The checkpoint at Beacon Hill at 42 miles crosses Stane Street, a Roman road, and then down to the River Arun at Amberley.  The climb up from Amberley reaches 200 metres, 3 x Potter Street, but gives wonderful views across the Weald of Kent and Sussex, and a good excuse for a pause.  Kithurst Hill, at 50 miles, was achieved after 12 hours 25 minutes, still slower than 2012 but feeling so positive I knew then that I would get to the end.  An easy trot down to Washington at 54 miles for a rest.  John and Tony were wonderful, tea, pasta, chocolate and I was on my way.  The hill from there on the A24 is 135 metres, 2 x Potter Street in the same distance, so twice as steep.  Here the poles really came into their own.  By this time last year I was beginning to feel wobbly, but now I was “racing” up to Chactonbury Ring.  All along here the views to the coast and inland were lovely, even in the hazy conditions.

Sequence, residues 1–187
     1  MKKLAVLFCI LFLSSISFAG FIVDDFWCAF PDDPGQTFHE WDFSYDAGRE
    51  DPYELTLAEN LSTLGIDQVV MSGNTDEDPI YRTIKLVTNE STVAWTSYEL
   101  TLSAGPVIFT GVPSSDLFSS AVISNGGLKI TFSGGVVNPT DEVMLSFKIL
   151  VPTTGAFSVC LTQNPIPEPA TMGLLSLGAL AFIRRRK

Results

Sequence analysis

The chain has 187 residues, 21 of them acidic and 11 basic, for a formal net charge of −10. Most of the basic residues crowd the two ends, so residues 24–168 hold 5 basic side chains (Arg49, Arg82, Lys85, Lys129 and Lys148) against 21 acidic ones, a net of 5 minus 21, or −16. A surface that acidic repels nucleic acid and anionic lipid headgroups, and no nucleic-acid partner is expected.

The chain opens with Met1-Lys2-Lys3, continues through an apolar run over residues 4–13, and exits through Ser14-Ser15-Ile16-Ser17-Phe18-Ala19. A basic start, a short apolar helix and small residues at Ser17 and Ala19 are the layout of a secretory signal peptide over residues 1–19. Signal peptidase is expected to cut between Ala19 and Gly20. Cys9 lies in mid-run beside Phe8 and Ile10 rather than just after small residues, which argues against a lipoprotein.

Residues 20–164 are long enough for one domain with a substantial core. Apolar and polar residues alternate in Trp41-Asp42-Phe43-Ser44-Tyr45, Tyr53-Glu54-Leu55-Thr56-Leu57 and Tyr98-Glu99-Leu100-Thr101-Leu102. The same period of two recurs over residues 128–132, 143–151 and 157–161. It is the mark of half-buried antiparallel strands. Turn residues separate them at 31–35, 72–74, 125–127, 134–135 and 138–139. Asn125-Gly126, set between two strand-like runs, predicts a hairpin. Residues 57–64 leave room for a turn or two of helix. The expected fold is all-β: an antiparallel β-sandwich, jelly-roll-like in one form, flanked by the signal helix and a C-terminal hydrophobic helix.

A very warm welcome from the checkpoint at Botolphs, 61 miles, as well as exclusive catering from the well known firm of Bennett and Hughes.  By now it was dark, so I had to negotiate the difficult Truleigh Hill and path by headtorch.  From now until about 4 on Sunday morning, when it became light enough to see, the effort in reconnoitring the route a week beforehand demonstrated its value in that I knew exactly where to go and what the path looked like.  The next checkpoint was at Saddlescombe Farm, where more rice pudding and tea set me on my way to the Clayton Windmills.  My left leg was beginning to cause some pain so I could not run for more than 200 metres at a time, but could walk fast with my poles.